The Taiwanese government paid Bob Dole and his Washington law firm, Alston & Bird, $140,000 from May to October to strengthen its relationship with President-elect Donald Trump.
According to a recently released lobbying disclosure document, Dole’s lobbying work averaged more than $20,000 a month.
Dole, a former U.S. senator from Kansas and 1996 Republican presidential nominee, has been setting up meetings between Trump’s transition team and Taiwanese emissaries over the past six months, Shanghaiist reported.
The 93-year-old lobbyist also briefed Trump’s policy director and assisted in writing the most “pro Taiwan” Republican party platform in history.
Dole’s efforts on behalf of Taipei resulted in an unprecedented phone call between Trump and Taiwanese President Tsai Ing-wen on December 2.
It was the first communication between an American president or president-elect and a Taiwanese leader since 1979 after the U.S. established a “One China” position, which states that “there is but one China and Taiwan is part of China,” Business Insider reported.
Vice President-elect Mike Pence dubbed the conversation as a “courtesy call.” But it was actually a result of a coordinated effort between Taiwan lobbyists and Trump’s staff, which indicates a possible change in cross-strait policy.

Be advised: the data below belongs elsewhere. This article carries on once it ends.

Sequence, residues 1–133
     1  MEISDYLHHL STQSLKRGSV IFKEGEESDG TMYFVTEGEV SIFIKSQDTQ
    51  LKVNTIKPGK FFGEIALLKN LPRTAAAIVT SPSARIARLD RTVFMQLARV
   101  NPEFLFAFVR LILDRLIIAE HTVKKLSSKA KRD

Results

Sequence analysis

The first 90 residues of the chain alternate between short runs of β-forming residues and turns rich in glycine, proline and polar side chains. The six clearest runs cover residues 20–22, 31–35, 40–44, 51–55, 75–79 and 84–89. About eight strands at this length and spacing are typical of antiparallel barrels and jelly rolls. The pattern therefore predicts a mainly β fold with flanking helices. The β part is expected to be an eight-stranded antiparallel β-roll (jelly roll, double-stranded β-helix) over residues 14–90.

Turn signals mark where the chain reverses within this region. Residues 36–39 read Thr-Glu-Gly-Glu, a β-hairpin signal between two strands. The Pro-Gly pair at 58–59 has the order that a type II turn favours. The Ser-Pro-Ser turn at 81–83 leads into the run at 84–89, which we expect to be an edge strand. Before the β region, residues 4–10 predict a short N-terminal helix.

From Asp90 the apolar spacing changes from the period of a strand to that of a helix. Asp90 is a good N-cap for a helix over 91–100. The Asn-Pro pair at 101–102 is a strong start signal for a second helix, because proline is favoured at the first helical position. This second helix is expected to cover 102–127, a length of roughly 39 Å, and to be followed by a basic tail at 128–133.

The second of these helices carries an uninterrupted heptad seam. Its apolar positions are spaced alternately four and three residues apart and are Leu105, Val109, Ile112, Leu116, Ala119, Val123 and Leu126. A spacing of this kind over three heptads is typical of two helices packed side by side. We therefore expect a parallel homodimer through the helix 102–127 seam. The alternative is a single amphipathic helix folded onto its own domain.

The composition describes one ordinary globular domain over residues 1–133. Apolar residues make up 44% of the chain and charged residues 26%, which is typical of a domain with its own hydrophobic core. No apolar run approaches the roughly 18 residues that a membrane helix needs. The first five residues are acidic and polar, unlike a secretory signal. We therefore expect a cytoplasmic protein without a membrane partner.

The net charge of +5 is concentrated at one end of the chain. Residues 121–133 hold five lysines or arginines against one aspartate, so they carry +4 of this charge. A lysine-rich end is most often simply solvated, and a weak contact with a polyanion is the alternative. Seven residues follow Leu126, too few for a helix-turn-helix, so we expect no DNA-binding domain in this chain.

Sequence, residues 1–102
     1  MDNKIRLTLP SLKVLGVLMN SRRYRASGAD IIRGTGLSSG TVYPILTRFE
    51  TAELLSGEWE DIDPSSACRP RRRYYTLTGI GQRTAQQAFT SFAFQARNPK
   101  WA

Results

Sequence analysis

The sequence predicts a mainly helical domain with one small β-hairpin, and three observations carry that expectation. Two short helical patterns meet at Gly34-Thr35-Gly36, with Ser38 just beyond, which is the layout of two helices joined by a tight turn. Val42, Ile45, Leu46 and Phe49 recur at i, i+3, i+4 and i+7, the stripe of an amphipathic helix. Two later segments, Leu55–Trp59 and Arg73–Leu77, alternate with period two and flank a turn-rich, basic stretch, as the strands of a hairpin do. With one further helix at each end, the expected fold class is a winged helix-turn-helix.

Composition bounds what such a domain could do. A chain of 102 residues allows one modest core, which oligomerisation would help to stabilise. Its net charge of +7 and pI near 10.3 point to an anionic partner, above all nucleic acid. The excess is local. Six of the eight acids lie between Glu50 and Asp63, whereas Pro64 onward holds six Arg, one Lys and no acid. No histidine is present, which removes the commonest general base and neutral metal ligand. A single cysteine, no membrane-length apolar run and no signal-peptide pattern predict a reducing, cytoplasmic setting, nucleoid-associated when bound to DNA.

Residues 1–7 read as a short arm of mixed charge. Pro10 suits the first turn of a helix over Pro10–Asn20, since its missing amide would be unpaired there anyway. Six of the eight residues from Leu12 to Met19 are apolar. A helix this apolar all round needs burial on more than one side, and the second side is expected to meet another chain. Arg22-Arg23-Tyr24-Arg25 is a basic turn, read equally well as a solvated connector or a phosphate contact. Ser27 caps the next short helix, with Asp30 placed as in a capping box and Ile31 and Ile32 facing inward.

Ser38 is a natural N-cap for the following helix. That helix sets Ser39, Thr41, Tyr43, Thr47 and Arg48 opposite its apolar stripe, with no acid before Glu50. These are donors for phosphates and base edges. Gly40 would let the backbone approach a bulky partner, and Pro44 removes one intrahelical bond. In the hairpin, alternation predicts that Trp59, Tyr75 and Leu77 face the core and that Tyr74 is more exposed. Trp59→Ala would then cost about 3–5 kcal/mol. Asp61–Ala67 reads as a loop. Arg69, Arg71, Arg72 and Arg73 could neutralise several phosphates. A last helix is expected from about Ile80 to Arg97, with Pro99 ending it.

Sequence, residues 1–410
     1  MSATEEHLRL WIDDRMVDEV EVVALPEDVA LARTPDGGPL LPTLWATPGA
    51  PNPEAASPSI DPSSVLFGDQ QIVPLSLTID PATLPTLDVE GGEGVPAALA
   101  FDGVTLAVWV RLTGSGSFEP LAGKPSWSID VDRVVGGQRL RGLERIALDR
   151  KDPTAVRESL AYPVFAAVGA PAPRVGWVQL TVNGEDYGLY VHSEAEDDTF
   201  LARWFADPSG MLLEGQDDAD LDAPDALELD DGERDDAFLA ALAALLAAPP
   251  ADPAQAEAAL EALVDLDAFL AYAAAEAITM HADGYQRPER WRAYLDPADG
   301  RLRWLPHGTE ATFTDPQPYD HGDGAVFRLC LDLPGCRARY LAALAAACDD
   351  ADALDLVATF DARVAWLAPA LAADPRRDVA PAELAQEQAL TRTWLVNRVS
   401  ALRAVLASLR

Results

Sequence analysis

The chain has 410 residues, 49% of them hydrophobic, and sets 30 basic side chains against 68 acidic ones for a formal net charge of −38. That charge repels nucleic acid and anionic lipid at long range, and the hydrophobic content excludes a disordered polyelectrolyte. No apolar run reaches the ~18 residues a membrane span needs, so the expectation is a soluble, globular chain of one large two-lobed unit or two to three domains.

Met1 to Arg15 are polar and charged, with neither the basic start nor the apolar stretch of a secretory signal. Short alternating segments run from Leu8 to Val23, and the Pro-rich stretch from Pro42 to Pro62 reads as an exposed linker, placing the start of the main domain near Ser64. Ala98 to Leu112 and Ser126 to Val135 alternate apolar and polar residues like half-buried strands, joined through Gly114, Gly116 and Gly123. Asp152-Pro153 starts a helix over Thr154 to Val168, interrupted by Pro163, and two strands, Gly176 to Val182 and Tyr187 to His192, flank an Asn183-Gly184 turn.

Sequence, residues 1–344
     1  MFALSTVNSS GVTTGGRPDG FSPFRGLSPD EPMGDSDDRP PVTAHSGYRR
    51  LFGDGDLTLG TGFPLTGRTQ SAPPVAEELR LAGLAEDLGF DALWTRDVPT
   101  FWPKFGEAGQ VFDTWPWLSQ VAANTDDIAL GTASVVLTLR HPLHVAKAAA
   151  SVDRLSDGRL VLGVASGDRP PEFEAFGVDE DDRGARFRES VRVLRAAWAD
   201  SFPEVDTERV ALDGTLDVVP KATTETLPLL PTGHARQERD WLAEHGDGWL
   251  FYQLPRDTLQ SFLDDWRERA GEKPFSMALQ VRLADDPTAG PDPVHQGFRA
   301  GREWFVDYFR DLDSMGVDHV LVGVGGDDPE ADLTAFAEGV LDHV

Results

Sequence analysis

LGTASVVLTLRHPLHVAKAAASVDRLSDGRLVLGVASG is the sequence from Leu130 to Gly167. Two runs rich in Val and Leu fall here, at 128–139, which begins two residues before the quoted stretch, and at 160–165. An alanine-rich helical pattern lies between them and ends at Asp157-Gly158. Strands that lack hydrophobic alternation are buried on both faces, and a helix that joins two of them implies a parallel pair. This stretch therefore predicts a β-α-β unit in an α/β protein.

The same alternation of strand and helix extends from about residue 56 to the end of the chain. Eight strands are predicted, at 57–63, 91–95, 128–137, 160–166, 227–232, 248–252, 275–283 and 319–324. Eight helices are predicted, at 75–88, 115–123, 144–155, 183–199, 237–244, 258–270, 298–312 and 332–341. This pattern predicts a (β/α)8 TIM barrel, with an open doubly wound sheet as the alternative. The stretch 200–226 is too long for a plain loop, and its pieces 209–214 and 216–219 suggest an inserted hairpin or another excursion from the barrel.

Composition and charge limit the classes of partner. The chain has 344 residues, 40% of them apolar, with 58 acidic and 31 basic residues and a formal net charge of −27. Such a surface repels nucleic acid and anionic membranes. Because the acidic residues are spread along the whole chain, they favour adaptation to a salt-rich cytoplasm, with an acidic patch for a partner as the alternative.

Beijing called the meeting a Taiwanese “shenanigan” which takes advantage of Trump’s lack of experience in foreign policy.
According to a New York Times report published on Tuesday, a January letter laying out the terms of Dole’s partnership with the Taipei Economic and Cultural Representative Office, Taiwan’s unofficial embassy in the U.S., also included a $25,000 monthly retainer.
Some of the terms of the agreement included:
- Assisting Taiwan obtain membership in the Trans-Pacific Partnership (the trade deal that Trump promised to withdraw from
- Help Taiwan achieve its “military goals”
- Organize for Taiwanese officials to meet with members of Congress from both Democratic and Republican parties
- And arrange access to Republican presidential candidates and the party’s national convention